His post has been received with a degree of scepticism which is understandable given the stream of stories about people like Mark Jen who have lost their jobs as a result of their blogs (or what they said about their employers on their blogs). The scepticism is well founded so it is worthwhile noting that Bray makes a few assumptions before listing the reasons why blogging can actually be good for your career prospects:
Let’s assume that you’re reasonably competent, reasonably coherent, and
Cynicism aside, a substantial majority of the people in the workplace
Blogging clearly isn’t going to help that proportion of people who aren’t
really up to their job, or who are prone to inarticulate flaming, or
But then, those people tend to have career problems anyhow.
Put it another way: not blogging won’t protect you from career-limiting
moves, and if blogging provokes one, well, you were probably going
to do it anyhow.
It does begin to make sense. I don’t believe that it automatically follows that just because you have a blog that you will find yourself without a job. If you are going to run a blog, then do it responsibly. This is a lesson bloggers who have been fired have learned pretty quickly. If you want examples, just take a look at Michael Hanscom at eclecticism, Jeremy Wright at Ensight and Mark Jen himself. Anyway, the reasons why blogging can actually be good for your career prospects are:
- You have to get noticed to get promoted.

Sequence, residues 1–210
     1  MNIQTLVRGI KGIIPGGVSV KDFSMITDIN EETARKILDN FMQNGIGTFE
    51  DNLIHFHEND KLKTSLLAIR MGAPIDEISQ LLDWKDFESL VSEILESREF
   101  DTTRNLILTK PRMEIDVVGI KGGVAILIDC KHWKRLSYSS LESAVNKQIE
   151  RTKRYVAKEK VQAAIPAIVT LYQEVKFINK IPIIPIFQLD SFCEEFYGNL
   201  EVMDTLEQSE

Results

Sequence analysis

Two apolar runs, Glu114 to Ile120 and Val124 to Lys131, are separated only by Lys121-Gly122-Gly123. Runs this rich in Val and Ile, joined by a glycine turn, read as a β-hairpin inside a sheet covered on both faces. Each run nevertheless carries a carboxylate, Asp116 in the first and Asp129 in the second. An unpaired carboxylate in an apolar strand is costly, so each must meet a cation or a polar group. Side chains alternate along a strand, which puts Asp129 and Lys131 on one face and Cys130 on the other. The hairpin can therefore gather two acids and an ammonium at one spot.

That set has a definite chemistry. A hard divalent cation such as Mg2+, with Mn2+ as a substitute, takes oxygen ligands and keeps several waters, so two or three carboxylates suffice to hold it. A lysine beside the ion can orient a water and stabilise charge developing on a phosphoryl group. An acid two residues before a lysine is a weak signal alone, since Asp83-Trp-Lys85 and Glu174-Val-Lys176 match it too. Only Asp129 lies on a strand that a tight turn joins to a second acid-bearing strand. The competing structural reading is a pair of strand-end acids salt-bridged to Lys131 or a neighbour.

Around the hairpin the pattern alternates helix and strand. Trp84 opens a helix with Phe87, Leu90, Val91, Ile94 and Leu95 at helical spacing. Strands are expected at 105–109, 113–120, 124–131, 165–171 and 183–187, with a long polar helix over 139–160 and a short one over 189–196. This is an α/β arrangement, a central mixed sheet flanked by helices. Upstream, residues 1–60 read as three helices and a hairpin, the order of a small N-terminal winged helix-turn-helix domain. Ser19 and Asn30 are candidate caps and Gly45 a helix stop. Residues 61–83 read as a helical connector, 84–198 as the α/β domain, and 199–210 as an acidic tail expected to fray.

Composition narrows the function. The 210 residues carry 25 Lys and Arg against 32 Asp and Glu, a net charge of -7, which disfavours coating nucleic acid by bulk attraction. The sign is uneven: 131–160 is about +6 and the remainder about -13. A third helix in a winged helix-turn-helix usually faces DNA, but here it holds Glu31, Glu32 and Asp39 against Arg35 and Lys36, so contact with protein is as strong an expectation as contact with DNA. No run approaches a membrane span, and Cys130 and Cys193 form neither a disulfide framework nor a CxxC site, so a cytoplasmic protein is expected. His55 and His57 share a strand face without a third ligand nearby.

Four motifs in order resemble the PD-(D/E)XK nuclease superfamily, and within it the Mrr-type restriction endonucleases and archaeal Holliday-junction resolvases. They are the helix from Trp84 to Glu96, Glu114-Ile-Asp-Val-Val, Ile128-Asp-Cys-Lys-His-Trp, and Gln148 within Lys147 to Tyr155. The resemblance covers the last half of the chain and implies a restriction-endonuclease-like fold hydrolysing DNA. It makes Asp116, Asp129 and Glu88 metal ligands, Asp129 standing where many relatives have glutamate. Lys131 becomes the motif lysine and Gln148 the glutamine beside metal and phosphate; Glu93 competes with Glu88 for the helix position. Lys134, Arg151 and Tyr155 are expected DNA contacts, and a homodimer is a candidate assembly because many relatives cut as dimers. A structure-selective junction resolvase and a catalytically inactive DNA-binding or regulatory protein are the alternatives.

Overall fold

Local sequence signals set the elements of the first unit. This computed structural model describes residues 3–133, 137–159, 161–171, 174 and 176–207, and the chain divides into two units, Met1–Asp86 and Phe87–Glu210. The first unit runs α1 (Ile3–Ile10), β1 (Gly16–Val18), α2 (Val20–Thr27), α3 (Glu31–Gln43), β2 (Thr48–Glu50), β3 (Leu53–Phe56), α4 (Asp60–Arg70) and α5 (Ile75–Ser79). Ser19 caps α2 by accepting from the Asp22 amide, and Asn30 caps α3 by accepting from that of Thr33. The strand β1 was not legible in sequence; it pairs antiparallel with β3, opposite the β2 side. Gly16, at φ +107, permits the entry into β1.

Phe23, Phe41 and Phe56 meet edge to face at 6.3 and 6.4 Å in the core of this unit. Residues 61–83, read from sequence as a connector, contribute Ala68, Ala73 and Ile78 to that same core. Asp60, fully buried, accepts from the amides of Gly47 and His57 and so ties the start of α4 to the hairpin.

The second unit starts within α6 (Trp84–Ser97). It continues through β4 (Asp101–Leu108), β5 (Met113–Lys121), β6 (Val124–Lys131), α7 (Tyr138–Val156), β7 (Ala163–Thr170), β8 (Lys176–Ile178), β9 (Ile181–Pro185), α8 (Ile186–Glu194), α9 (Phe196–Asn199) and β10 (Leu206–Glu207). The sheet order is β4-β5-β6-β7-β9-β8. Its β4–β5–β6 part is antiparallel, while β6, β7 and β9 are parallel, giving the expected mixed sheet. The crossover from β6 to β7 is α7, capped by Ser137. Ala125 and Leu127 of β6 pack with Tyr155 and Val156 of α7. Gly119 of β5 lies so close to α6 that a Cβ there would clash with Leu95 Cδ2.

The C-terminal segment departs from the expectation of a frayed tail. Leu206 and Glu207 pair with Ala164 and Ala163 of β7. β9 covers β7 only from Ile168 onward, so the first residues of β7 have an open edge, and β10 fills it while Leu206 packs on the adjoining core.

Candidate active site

- You have to get noticed to get hired.
- It really impresses people when you say “Oh, I’ve written about that,
just google for XXX and I’m on the top page?? or “Oh, just google my
- No matter how great you are, your career depends on communicating.
The way to get better at anything, including communication, is by practicing.
Blogging is good practice.
- Bloggers are better-informed than non-bloggers.
Knowing more is a career advantage.
- Knowing more also means you’re more likely to hear about interesting
jobs coming open.
- Networking is good for your career. Blogging is a good way to meet
- If you’re an engineer, blogging puts you in intimate contact with a
worse-is-better 80/20 success story. Understanding this mode of
technology adoption can only help you.
- If you’re in marketing, you’ll need to understand how its rules are
changing as a result of the current whirlwind, which nobody does, but
bloggers are at least somewhat less baffled.
- It’s a lot harder to fire someone who has a public voice, because
it will be noticed.